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Nigeria Claims the Arrest of Ansaru Leader, Khalid al-Barnawi

by on April 4, 2016
 

The Nigerian army has announced the arrest of Khalid al-Barnawi, leader of the Boko Haram offshoot Ansaru. The US government had offered a multi-million-dollar bounty for his capture.

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Nigerian military spokesman Brigadier General Rabe Abubakar said on Sunday that al-Barnawi was captured in the capital of Nigeria’s central state of Kogi. The 47-year-old jihadist from Borno state and his group have been involved in a string of kidnappings of mostly foreigners.

A military spokesman said Khalid al-Barnawi was captured in Lokoja, capital of the central state of Kogi.

The US had placed a $5m (£3.5m) bounty on his head after branding him one of three Nigerian “specially designated global terrorists” in 2012.

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Ansaru is a splinter group of Nigeria’s largest jihadist group, Boko Haram, known for kidnapping foreigners.

Ideologically aligned to al-Qaeda in the Islamic Maghreb, it is also accused of killing a number of Westerners.

Ansaru said it carried out an attack on a maximum security prison in the Nigerian capital Abuja in 2012, freeing dozens of inmates.

“Security agents made a breakthrough on Friday in the fight against terrorism by arresting Khalid al-Barnawi, the leader of Ansaru terrorist group in Lokoja,” Abubakar said, adding that al-Barnawi was “among those on top of the list of our wanted terrorists.”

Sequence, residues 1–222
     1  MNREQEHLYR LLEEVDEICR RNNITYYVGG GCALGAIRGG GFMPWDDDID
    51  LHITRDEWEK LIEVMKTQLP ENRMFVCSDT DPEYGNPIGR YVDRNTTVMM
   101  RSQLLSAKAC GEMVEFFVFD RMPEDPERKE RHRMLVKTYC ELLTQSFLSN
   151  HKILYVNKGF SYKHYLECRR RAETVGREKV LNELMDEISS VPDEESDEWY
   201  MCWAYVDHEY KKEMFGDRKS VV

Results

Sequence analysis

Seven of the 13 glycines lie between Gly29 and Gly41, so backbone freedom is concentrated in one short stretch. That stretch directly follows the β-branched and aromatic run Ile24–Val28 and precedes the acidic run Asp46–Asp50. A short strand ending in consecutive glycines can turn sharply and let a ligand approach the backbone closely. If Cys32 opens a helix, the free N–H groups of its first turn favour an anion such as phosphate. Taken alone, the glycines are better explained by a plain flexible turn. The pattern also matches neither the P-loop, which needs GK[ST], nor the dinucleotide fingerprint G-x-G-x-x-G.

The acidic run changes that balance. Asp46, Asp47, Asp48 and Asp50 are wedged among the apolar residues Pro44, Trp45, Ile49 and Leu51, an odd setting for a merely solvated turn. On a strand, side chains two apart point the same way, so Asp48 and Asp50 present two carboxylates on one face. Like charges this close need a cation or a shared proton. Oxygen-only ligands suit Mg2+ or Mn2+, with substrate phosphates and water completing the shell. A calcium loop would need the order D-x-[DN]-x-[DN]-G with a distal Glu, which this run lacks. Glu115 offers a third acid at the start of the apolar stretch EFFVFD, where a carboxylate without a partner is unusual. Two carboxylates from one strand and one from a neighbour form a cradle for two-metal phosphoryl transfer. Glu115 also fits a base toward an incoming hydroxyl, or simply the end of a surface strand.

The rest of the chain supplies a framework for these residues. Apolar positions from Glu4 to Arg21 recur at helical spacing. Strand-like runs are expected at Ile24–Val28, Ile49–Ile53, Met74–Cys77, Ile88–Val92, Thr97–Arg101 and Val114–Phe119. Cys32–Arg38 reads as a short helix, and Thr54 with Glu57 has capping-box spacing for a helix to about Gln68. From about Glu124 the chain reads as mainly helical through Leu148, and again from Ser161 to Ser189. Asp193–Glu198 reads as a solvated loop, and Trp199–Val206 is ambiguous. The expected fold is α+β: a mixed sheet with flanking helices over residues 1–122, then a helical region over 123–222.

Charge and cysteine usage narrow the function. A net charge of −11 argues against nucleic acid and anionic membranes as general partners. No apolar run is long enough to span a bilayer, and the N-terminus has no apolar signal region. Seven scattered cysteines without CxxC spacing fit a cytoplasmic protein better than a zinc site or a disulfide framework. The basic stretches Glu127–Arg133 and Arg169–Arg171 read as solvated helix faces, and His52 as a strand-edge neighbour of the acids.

Al-Barnawi became leader of the Ansaru militant group in 2012. The faction split from Boko Haram, and is ideologically aligned to al-Qaeda in the Islamic Maghreb. Ansaru’s militants disapproved of Boko Haram’s indiscriminate bombing and shooting campaign, preferring instead high-profile killings and attacks on Western interests.

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The arrested militant is believed to have masterminded the kidnappings of two British and Italian construction engineers in 2011 and a German engineer in 2012. All the hostages died in failed rescue bids. Ansaru claimed to have carried out a 2012 attack on a maximum security facility in Abuja, killing two policemen and freeing 40 inmates.

Information Minister Lai Mohammed called the arrest “a great breakthrough in our fight against insurgency in the country.” A serving army officer in Nigeria described al-Barnawi as “a known transnational terrorist and the backbone of all al-Qaeda affiliate groups in west Africa.”

The US government listed Ansaru in 2012 as “specially designated global terrorists.” It placed a $5 million (4.3 million-euro) bounty on al-Barnawi because of his ” ties to Boko Haram and (having) close links to al-Qaeda in the Islamic Maghreb.”

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President Muhammadu Buhari was elected president of Nigeria last year on a platform of improving security and taking measures against corruption.

 

 

 

 

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